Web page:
A record number of US citizens are seeking asylum in Canada

canada asylumA group of asylum seekers wait to be processed after being escorted from their tent encampment to the Canada Border Services in Lacolle, Quebec, Canada August 11, 2017.Reuters

  • A record number of US citizens applied for asylum status in Canada in 2017.
  • Canadian government data from the Immigration, Refugees, and Citizenship department show they received 2,550 applications for asylum in 2017.
  • That's six times more than the country received in 2016.
  • US citizens were third on the list of total asylum applications, after Haitians and Nigerians.

A record number of US citizens applied for asylum in Canada during 2017, the most since 1994.

A total of 2,550 US citizens applied for asylum Canada in 2017 - six times more than in 2016, according to data from Immigration, Refugees and Citizenship Canada cited by The Guardian.

That's the largest number of applications Canada has ever received from American citizens since the dataset started reporting the numbers in 1994, they said.

US citizens make up the third-largest group of asylum-seekers in the 2017 dataset, after Haitians and Nigerians, the Guardian reported.

The majority of US asylum seekers in Canada are citizens who naturalized via "birthright citizenship" as they were born on US soil, Stéphane Handfield, a Montreal-based immigration lawyer told the Guardian. Many of them fled to Canada with their parents, who aren't US citizens.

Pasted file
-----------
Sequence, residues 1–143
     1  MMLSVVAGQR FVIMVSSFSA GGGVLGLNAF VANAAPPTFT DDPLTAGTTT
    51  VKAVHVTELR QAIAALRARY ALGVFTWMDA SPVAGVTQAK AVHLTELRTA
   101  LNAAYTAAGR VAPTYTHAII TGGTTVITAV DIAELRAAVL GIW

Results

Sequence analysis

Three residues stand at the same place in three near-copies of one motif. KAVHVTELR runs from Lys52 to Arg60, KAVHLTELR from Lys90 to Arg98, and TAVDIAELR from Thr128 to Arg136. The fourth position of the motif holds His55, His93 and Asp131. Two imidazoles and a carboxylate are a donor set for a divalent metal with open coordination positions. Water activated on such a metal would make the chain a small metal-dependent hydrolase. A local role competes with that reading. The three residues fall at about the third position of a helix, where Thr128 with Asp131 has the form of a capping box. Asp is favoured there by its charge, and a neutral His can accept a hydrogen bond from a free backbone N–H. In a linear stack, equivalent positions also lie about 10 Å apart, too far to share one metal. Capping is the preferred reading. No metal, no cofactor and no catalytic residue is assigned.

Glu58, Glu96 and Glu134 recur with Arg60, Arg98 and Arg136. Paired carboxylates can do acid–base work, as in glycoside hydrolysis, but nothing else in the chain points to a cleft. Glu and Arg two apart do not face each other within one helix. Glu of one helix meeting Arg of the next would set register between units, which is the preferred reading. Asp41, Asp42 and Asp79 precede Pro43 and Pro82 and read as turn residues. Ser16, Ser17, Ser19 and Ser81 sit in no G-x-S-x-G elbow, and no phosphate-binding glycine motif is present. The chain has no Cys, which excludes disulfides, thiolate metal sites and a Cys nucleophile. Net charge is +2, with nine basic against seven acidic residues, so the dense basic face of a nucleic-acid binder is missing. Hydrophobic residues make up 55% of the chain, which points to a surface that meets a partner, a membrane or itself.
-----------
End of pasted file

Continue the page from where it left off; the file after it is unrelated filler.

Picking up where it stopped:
Read more: Trump plans to end birthright citizenship - here's what the law says about that

canada asylumA group of Haitian asylum seekers sit with shopping bags outside the Olympic Stadium, which is being used for temporary housing for asylum seekers, in Montreal, Quebec, Canada August 2, 2017.Reuters

In early 2017, Canada started receiving a larger-than-expected number of asylum applications after US President Donald Trump said he was going to scrap a scheme offering temporary protected status to immigrants from countries like Haiti, CTV wrote.

In October 2018, Trump said he wanted to end "birthright citizenship," which he called a "ridiculous" practice of granting citizenship to children born in the US to non-citizen parents. He hasn't made an official policy move on that plan yet.
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